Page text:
Do you feel suspicious when your child no longer has spelling homework in grade school? Do you get this sinking feeling that maybe something is not right? Your intuition is correct. Spelling, reading and writing are intricately linked! Here is what the research says:

  • Spelling skills have a large impact on reading fluency and comprehension…the better the speller the more fluent the reader.
  • Spelling impacts writing. Poor spellers restrict what they write to words they can spell. Sentence writing requires automaticity in handwriting, spelling, grammar and punctuation.
    • (Adams, 1990; Katzir, Kennedy, Kim, Lovett, Morris & Wolf 2006).

Spelling is actually the canary in the coal mine. Poor spelling is a key symptom of dyslexia.

The relationship between spelling and reading is so close that learning about spelling enhances a student’s reading proficiency. Spelling contributes to reading development, decoding unknown words, pronunciation and writing. Beginning readers do not become skilled readers unless they understand the spelling system. The National Reading Panel discovered that for young children (K-3rd grade), spelling supports learning to read. For older students (4th – 8th grade) it contributes to vocabulary growth and reading comprehension.

Spelling is critical. Research shows that lack of spelling instruction affects:

  • Early reading development
  • Verb tense and usage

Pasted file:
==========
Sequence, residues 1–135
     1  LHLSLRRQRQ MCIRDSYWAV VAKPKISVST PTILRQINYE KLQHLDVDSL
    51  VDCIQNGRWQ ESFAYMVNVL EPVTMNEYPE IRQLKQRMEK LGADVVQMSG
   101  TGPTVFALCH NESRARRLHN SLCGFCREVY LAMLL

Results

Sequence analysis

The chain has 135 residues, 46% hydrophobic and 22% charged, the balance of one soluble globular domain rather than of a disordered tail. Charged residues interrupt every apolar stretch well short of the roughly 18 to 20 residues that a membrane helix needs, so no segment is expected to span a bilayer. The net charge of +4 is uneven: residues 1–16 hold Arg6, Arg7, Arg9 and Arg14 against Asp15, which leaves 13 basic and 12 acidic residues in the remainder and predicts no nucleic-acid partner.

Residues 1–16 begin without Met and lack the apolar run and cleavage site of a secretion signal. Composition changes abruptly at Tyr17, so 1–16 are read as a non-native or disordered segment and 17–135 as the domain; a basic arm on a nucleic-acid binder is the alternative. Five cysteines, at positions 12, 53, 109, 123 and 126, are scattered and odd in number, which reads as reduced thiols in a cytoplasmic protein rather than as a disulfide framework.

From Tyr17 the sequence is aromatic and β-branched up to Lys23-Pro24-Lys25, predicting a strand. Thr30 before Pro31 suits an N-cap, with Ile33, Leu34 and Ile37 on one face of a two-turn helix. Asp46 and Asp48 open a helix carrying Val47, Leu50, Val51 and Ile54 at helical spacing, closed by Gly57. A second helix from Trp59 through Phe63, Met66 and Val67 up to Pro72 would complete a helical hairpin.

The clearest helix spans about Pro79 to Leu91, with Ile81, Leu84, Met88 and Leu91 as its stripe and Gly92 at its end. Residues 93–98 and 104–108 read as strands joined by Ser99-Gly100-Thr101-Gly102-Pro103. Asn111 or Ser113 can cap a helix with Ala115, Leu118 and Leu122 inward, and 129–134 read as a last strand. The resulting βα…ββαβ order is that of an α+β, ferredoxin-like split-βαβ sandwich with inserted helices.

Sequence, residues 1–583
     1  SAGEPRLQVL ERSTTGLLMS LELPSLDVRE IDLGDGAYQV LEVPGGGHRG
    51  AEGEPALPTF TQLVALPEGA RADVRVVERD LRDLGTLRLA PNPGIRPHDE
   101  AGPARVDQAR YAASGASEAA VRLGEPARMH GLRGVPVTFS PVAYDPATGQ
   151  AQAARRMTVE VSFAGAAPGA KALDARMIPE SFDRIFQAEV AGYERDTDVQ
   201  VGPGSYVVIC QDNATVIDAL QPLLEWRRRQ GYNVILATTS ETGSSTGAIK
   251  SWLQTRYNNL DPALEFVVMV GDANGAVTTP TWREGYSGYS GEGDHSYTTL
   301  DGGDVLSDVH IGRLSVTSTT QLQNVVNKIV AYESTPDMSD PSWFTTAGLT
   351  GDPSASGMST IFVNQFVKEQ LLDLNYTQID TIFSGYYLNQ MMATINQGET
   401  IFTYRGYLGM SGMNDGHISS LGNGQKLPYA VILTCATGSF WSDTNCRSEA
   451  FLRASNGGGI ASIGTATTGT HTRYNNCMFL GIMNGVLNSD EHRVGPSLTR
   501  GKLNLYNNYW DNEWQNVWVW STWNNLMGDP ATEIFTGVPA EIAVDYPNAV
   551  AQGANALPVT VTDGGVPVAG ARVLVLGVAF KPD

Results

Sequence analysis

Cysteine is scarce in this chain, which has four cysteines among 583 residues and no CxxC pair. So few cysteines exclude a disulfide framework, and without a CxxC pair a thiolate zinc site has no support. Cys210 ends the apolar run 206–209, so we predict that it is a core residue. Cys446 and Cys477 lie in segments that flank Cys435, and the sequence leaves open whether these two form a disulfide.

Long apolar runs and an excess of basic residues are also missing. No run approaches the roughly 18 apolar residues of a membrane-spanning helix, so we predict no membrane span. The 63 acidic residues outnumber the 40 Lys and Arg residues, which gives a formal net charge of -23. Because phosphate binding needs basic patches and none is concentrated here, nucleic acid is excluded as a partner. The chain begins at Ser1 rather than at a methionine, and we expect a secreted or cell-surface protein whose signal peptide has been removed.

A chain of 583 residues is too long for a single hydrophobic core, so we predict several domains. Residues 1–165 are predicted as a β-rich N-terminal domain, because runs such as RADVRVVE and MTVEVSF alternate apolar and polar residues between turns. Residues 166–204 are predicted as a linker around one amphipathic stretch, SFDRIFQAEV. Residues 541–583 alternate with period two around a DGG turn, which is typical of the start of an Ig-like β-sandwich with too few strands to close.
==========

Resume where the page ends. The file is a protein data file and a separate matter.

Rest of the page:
• Clarity in writing
  • Writing fluency
  • Perceptions of writing ability
  • Written expression.

If your child is a very poor speller, do not ignore this important warning sign. Take Aspire’s dyslexia symptom checklist to see if they have other symptoms of dyslexia.

Why has spelling fell out of favor in our school system? Research by Grskovic and Belfiore show that teachers and students report it to be repetitive and boring. Research by Hanna found that many spelling curriculums have been poorly designed making spelling, as a subject, look ineffective. Because of the poor curriculum design, teachers have developed the mistaken belief that English spelling is too irregular to teach, when in fact, depending on the source, English spelling can be systematized so that 84-95% of it can be spelled logically.

Solutions supported by research:

  • Patterns are the most effective way to teach spelling.
  • Structured literacy and systematic phonics teaches the spelling patterns in a format based upon the logic of English. Beware of spelling programs that try to teach all 8-10 spellings of the long-e sound in one spelling lesson (i.e. Meet, meat, happy, compete, receive, and key in one weekly lesson)
  • Patterns should be based upon the syllable types of the English language that are orthographically regular
  • Exceptions should be taught as sight-words when the specific pattern is taught (gain, pain, against; key, turkey, hey, they).

Findings of the National Reading Panel (2003)

  • Systematic phonics instruction produces the most fluent, accurate and proficient readers, spellers and writers
  • Systematic phonics instruction for reading and spelling is best when started in Kindergarten and maintained through third-grade.
  • Systematic phonics and spelling instruction works best when integrated into all literacy activities and not taught in isolation.
  • Systematic phonics has less of impact on reading when it is started after second grade
  • Spelling must be supported with sound-to-letter activities, vocabulary, reading fluency and comprehension activities.
  • The spelling and reading curriculums should sync together.

Aspire Academy uses the Wilson Reading System to help children with reading and spelling struggles. It is the most researched systematic phonics programs in the United States, and teaches reading and spelling together in every lesson from the simple to the complex.

Call us at 515-978-4312 or contact us if you are concerned with your child’s reading and spelling.

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